In light of the recent flooding in Colorado and all the damage that has occurred as a result, we want to share a series of posts from one Colorado woman’s perspective. Opinions expressed are hers and do not necessarily reflect those of Emergency Essentials. If you lived through the recent flooding in Colorado and want to share your story, please email email@example.com. We asked Sandy to share how she prepared: I have been preparing for emergencies for a while now. I grew up back east in upstate New York and had learned from my parents to always be prepared for any emergency. Everyone thinks you need to spend a lot of money to prepare for an emergency. I have learned that is not true. I am a single lady and I recently had to deal with the floods in Colorado and my preparedness was put to the test. I also recently helped my son who was stranded in the Colorado floods realize he needed to start preparing as soon as possible. You never know when an emergency can happen. I have been preparing for a variety of emergencies. I just finished canning and dehydrating everything from my garden this summer. This is the first season I have ever used a dehydrator and had fun with it. I have a lot of freeze dried and dehydrated food from Emergency Essentials that should be enough for months if I am unable to get to a store. I am trying to get enough food stored up for at least one year. It came in handy this past week when everyone was packed in the grocery stores and I didn't have to leave my house. I have all the necessities to survive if I was stranded and had to stay at my home. I also have two dogs that I have to prepare for. I have extra food and treats for them sealed in the Emergency Essentials buckets. Also, have a bug out bag for the dogs that you can grab in a hurry if you need it. I must admit my favorite items are my two bug out bags. I have one in my car that is stocked full of everything I need if I get stuck at work or stranded away from home. . One thing that’s important to have in a [car emergency kit] is packaged water. I learned by storing water in my car that due to the heat of the summer, jugs of water do eventually leak because of the heat of your car. (Editor’s note: A great way to store water in your car without leakage is to use small portable water containers like the Aqua Blox, Aqua Literz, or Datrex Pouches. These water pouches are not affected by heat, but can freeze in the winter, causing the packaging to expand, but not burst. The only way they will leak is if there is a hole in the pouch or box.) If I am at home and have to leave in an emergency, I have a larger bag that is stocked with enough supplies and food to last close to two weeks. I'm prepared to survive outside if necessary for a while, also. If you have to survive outdoors, don’t forget to pack an extra set of clothes and shoes. Lastly, a great way to collect emergency supplies is to check out sales and what you have around the house for most of the stuff you need to survive. Check out the Rest of the Series: Why I Prepare: Lessons from the Colorado Flood Part 1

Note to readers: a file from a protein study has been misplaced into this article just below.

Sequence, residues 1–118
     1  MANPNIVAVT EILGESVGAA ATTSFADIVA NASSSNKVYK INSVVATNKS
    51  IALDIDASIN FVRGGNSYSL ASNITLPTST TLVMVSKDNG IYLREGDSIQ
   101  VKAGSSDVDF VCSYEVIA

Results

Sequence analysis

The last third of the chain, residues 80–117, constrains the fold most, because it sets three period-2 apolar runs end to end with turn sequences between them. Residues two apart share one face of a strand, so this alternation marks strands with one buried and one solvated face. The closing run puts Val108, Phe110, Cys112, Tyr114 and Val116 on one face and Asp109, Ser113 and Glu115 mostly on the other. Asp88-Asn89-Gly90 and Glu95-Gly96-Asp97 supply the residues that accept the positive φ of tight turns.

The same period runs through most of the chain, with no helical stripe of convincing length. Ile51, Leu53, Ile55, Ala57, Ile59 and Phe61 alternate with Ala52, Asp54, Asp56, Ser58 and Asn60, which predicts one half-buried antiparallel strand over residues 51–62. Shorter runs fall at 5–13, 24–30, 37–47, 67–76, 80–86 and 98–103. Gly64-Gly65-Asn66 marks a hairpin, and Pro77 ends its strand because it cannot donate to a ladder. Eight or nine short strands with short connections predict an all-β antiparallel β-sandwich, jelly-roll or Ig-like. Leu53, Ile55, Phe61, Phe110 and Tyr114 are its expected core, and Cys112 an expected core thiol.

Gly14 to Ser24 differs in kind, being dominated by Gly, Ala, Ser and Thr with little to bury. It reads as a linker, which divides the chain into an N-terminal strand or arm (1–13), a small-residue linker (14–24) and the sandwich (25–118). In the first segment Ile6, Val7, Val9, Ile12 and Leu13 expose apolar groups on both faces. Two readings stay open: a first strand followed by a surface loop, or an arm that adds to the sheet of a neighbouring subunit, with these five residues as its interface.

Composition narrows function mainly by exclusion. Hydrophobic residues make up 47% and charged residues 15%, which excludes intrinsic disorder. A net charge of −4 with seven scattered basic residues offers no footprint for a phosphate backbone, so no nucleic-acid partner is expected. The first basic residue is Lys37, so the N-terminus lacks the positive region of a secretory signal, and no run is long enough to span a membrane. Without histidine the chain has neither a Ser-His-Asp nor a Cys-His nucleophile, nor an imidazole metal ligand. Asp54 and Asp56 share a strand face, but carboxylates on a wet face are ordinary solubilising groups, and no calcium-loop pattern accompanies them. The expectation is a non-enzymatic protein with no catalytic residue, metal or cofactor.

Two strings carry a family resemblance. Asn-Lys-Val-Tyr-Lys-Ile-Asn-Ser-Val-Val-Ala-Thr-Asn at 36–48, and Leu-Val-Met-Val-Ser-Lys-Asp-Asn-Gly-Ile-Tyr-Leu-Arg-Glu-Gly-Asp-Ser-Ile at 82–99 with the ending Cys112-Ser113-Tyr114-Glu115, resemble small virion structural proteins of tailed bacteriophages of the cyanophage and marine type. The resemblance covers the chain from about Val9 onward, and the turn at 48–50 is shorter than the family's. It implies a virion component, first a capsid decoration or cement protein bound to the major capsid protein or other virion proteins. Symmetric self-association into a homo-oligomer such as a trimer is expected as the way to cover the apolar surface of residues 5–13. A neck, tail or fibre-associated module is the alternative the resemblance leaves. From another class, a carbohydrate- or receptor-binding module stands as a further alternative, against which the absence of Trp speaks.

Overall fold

Sorry, if you’ve ever been trapped in flooding you would know your car can be useless and driving a treat to your safety and life. If your food and emergency supplies end up under water, what good are they? You can’t plan for everything. Telling someone they should have know better is not very kind or helpful, really. You can try to prepare, but disasters are rarely orderly and all the planning in the world may not help. You can have a pantry stocked with food and a tornado could wipe it out in a minute. I think people just want to think "this could never happen to me because I’m prepared". You always hear move to higher ground in a flood. In this case the ‘higher ground’ flooded as well. Basic backpacking supplies would be a good thing to keep on hand, to grab quickly. I was just an awful situation. BTW, I lost all of my belongings, photographs, many of which were in plastic bins, it didn’t help.